It’s easy to say we need more presidents or more politicians like George H.W. Bush. That lets the rest of us off the hook.
Joseph de Maistre famously said, "Every country has the government it deserves" and "In a democracy people get the leaders they deserve."
We are not the same nation today as the one which nurtured Bush into maturity. This nation is always shifting and changing. It’s interesting that the U.S., in its 1992 incarnation, dumped this good and great man as president who had overseen the fall of the Soviet Union and led the nation to victory in a war to stop aggression -- The Gulf War.
But here we are at now. We need a nation that nurtures and lifts up truly great leaders as it did with George H.W. Bush.
Whenever we learn of a person’s values, we should ask ourselves how they align with Jesus and the broader scriptural wisdom. So let’s try that with a few ideas attributed to Bush. His biographer, Jon Meacham, said Bush’s life code was “Tell the truth. Don’t blame people. Be strong. Do your best. Try hard. Forgive. Stay the course.”
Pastors in my religious tradition (Anglo southern Baptist) tend to be more priest than prophet — they mostly administer religious duties instead of confronting people in their sinfulness.
I was a pastor once. We tend to preach against sins our members have tacitly agreed upon, but we often ignore the primary sins of those members — greed, pride, lust, and gluttony, as well as failure to care for the hungry, hurting, imprisoned, foreigners, and others of Jesus’ “least of these.” Not all of us, surely, but many.It is not easy to be both priest and prophet, and this is not the first time in Judeo-Christian history that the challenge has arisen.
John Calvin, in his commentary on Jeremiah, says the great Jewish prophet “was of the priestly order. Hence the prophetic office was more suitable to him than to many of the other prophets, such as Amos and Isaiah.”
Boys behaving badly has become all too common. Sometimes it lands a boy in the news immediately, and sometimes it takes decades for the misdeeds to surface.
There is probably no common saying more ridiculous and unhelpful than “boys will be boys.” It reflects a determinism that leaves no room for the shaping of young male lives. Boys will, of course, be boys if left to their own devices, if they have no positive role models, if they are not given any instruction about how a boy ought to behave. And one result is that many men continue to behave as boys throughout their lives.
Why do we not hear the phrase “girls will be girls” to excuse their bad behavior? There are two possible reasons. Either we think boys are naturally bad and girls are naturally good, or we think girls’ bad behavior should not be defended. I think it’s more of the latter. Adults often do a nudge-nudge-wink-wink to boys’ bad behavior but shake their heads in rebuke at girls’ bad behavior.
Attitudes, fortunately, are changing. Boys and men are being held more accountable for bad behavior.
The “me too” movement has been necessitated by the reality that many boys and men have behaved as sexual animals free to pursue whatever satisfaction they like. They should never have felt such freedom, and it is good they now are being held accountable.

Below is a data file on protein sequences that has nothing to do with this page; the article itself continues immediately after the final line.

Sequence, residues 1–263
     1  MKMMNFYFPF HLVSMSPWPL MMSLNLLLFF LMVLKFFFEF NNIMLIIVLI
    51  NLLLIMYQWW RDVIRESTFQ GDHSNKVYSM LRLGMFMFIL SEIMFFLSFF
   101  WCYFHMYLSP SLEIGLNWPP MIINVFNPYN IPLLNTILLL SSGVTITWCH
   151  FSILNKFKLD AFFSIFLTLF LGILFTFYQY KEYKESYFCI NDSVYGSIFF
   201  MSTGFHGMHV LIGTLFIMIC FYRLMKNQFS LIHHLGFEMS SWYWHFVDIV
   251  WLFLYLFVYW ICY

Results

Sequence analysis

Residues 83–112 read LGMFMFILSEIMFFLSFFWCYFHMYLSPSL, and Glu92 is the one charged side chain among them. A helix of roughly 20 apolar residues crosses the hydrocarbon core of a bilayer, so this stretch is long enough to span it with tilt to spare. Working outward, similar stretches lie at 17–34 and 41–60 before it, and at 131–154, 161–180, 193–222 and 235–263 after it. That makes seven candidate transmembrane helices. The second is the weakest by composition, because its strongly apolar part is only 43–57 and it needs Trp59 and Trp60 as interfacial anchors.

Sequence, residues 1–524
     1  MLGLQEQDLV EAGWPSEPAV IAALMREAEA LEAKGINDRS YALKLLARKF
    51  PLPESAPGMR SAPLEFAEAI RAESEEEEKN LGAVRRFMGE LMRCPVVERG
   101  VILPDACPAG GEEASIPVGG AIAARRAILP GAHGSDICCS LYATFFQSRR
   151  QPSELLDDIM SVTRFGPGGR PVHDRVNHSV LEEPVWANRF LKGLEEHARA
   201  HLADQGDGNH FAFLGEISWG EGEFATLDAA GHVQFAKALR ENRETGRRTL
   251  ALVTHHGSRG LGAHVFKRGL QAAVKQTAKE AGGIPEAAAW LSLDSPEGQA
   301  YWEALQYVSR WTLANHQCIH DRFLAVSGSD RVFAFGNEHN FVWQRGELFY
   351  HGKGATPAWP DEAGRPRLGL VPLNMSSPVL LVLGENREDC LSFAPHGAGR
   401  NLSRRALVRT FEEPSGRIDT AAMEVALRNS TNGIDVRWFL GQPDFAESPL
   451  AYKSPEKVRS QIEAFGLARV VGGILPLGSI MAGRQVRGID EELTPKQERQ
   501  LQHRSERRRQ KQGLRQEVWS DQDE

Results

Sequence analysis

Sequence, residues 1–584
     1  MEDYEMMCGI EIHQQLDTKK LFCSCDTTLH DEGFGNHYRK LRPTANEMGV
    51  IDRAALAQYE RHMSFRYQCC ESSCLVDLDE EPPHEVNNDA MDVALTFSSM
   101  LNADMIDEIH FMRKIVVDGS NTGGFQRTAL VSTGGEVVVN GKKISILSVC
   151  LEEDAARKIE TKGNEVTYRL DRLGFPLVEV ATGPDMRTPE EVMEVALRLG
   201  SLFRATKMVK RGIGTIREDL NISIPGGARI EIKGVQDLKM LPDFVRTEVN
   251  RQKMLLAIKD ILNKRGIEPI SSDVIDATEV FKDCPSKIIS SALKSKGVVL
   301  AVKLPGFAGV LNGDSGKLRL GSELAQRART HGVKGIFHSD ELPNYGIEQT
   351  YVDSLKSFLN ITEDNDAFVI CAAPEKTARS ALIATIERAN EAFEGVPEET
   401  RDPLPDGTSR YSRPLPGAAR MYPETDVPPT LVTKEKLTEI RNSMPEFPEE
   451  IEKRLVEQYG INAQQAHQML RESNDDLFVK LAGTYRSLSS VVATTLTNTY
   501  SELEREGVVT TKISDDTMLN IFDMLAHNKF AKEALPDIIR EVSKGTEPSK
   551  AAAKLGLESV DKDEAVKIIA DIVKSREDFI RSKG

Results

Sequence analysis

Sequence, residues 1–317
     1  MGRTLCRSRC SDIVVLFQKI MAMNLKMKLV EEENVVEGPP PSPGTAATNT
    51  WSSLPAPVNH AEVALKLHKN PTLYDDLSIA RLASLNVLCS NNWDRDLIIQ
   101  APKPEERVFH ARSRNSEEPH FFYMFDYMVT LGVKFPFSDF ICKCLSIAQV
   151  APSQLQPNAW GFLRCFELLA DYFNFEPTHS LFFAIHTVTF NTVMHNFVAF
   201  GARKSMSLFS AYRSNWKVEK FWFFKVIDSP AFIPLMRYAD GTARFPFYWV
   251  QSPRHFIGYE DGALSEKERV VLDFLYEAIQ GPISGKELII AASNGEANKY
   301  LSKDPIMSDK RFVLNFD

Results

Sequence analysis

Instruction is a key. It does not guarantee right behavior, but it surely makes it more likely, especially if an example of good behavior lives in the same household. It surely is wise to help boys and man-boys to learn God’s truths about life and living well.
Of course, it’s also wise to help girls and girl-women to learn this.
We need help.
Proverbs! Turn to Proverbs!
By Chris McLain
I can’t speak for those living in urban contexts, but in Crowell it matters whether you’re native-born or a transplant from elsewhere.
Let me explain. It’s not that new people who move into our community are any less welcome or loved than the locals, but their experience of small-town life is certainly different.
Many of the folks who grew up here have large, extended families of several generations nearby. That makes for a broad support system and relational community year-round (and the convenience of avoiding holiday traffic is no small benefit either).
The “new Crowell” folks are much more likely to feel isolated in our close-knit community. It can be difficult to make new friends because “old Crowell” folks already have established networks of family and friends.
That means it’s especially important for folks in Crowell to be neighborly. And, as a pastor, I’m partial to the notion that Christians are specially called and gifted to meet that need.
Scripture really goes further; it’s a command. Remember Jesus’ two-sided “great commandment” to love God and to love neighbor. Jesus was picking up on two Old Testament passages, so this goes back early in God’s dealing with mankind.
I hold to a pretty radical belief. I believe relationships can change the world and selfless, meaningful, healthy conversations can change relationships. And I believe the opposite to be true, as well. Relationships can destroy the world and selfish, empty, unhealthy conversations can damage relationships.
We live in a time when relationships are often built upon transactional, self-serving motives. And when so many conversations take place online or via electronic devices -- giving a false impression of community and relational fortitude -- our commitment to being thoughtful about such things should be flourishing and not dwindling.